Tag Archives: PTSD

THE HUMMINGBIRD by Stephen Kiernan

In Stephen Kiernan’s The Hummingbird, three stories unspool simultaneously. In the first, Deborah Birch, a hospice nurse, is trying to care for and understand her husband Michael, who has recently returned from his third deployment in Iraq and is suffering from PTSD. In the second, Deb cares for an elderly patient, Barclay Reed, who is dying from liver cancer. He proves to be a difficult patient, but Deb learns how to get through to him and ultimately learns from him. The third story is contained in a book written by Professor Reed, a military history scholar, about a Japanese pilot who attacked the coast of Oregon during World War II.

These subplots are connected, of course: Professor Reed helps Deb to understand her husband’s demons, while she helps him ease into his final decline into death. Michael begins to connect with his wife again after he finally shares some of his pain and fears with her. And the story of the Japanese pilot, which I admittedly skimmed, brings the themes of forgiveness and acceptance into relief.

I found the depiction of hospice care and the ways the dying (and their families) can be brought comfort at the end of life to be the most compelling part of the book. Kiernan clearly has some experience with hospice nursing, or he did a lot of research. The sections on PTSD were also interesting, though I found Deb’s patience with her husband a little unrealistic. I probably should have read the Japanese history sections more carefully, but I just couldn’t get into them. I like books about soldiers and veterans, but I don’t enjoy detailed depictions of warfare.

The writing was a little clunky at times. There were distracting cliches that really stood out to me – after Deb’s first visit to Professor Reed, “he’d won [her] heart already – which detracted from the book. Michael’s sudden taking to a dog that Deb brought home, after stating that he was afraid of dogs ever since Iraq – was sudden. And I’m always suspect of characters who call other people “hey, lover”. Who does that? Repeatedly?

So The Hummingbird was a mixed bag for me but I am ultimately glad I read it. The good parts were pretty memorable and gave me a lot of perspective on hospice.

The Depressing-o-Meter is off the charts on this one. (It’s about hospice and PTSD!) 9 out of 10.

Q&A With Roxana Robinson, Author of SPARTA

Earlier this month, I attended a Q&A with Roxana Robinson, author of Sparta, at Politics & Prose. I read her novel Cost a few years (reviewed here) ago and was very impressed with her writing, and I wanted to check out what she had to say about her new book.

Sparta is about a 26 year-old veteran of the Iraq war, returning from his second deployment. From Robinson’s introduction to the Q&A:

Robinson_JoyceRavidSparta is a departure in a way from her previous novels. She started it five years ago after reading an article in The New York Times about soldiers in Iraq in unarmored Humvees driving over roads with bombs. She was also outraged about soldiers with PTSD not being removed from combat. She felt that we weren’t doing well by our troops. She wasn’t a fan of the war. She wanted to know what it would be like to be on the ground in Iraq, so she read everything she could about it.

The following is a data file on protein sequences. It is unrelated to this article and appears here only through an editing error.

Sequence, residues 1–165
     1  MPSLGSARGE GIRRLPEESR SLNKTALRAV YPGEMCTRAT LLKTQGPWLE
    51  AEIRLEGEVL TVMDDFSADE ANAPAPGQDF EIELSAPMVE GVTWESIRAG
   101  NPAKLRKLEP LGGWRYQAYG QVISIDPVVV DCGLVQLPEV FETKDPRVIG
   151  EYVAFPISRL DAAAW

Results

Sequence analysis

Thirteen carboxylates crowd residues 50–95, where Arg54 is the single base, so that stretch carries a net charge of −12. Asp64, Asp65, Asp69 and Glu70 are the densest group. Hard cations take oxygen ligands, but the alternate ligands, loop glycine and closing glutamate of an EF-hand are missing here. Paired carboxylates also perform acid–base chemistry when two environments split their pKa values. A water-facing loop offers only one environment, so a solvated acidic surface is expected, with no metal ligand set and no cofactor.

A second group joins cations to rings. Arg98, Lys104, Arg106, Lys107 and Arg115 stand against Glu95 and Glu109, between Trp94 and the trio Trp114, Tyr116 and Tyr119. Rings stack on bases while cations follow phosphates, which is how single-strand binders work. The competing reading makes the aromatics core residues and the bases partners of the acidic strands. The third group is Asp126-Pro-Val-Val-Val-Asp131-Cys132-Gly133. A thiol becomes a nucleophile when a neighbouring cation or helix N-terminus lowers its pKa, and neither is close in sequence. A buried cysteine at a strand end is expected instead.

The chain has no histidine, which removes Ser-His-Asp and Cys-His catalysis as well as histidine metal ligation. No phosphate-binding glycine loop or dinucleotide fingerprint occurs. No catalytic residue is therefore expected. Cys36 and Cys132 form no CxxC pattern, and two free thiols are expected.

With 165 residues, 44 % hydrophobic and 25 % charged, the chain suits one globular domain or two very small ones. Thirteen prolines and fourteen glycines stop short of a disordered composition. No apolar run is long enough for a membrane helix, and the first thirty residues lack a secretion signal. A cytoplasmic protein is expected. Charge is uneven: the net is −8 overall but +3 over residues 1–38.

Robinson found this topic more difficult than writing about some of her previous topics – Alzheimer’s, heroin – and the research took over her life.  She read military blogs, which provided more than the journalists did, who simply reported facts. The first person narratives from soldiers showed them doing their job – fighting – rather than writing. She also watched YouTube videos of soldiers wearing mini cams on their helmets, so that she could experience what it was like to be in a firefight.

She talked to vets, which was most influential. She found it hard because the vets didn’t want to talk to a novelist or a woman. But she started a network and talked to vets at houses, cafes, and on the phone. These stories let her into the life of Conrad Ferrell, her main character.

Q: Do you deal exclusively with PTSD? How do you weave it in and out?

A: PTSD is very much a presence in the book. It presents in a variety of ways, and is stronger in some places than others. PTSD is an ambiguous condition. It is part of a lot of returning vets’ experiences. This is the story of someone coming home who is revisited by experiences with explosives. There are psychological as well as physiological injuries.

Q: How did you end up writing Cost?

A: By accident. I didn’t mean to write about heroin addiction. I was curious about why it is so hard to be a good adult child. Once could be an adult but turn into a 6 or 13 or 21-year old in the presence of one’s parents. When does that go away? I was writing a novel about parents and children of different ages, but realized as I was writing that the younger brother was a heroin addict. From there, the book exploded.

Q: Did you hear from or talk to the VA since you finished Sparta?

A: I didn’t. I went to the VA in NY but wasn’t allowed in. I hung around and saw people going in and out. I saw notices and talked to someone who worked there, and got testimony from vets who have been there. I don’t expect to hear from them.

Q: Has the government admitted anything?

A: The book is not an accusation. It is based on serious, published facts and the public record.

Q: How was it turning non-fiction into fiction?

A: With the novels I have found myself doing, there has been a lot of research. Characters in those worlds are not in my world. I have to live someone else’s life. This was the hardest book I’ve written.

Q: Did anything surprise you in your research?

A: I started at such a low level of knowledge that everything was a surprise. I only felt outrage. I learned that war is about emotion, not strategy, weapons or weather.

Sparta sounds like a very powerful read – I hope to get to it soon.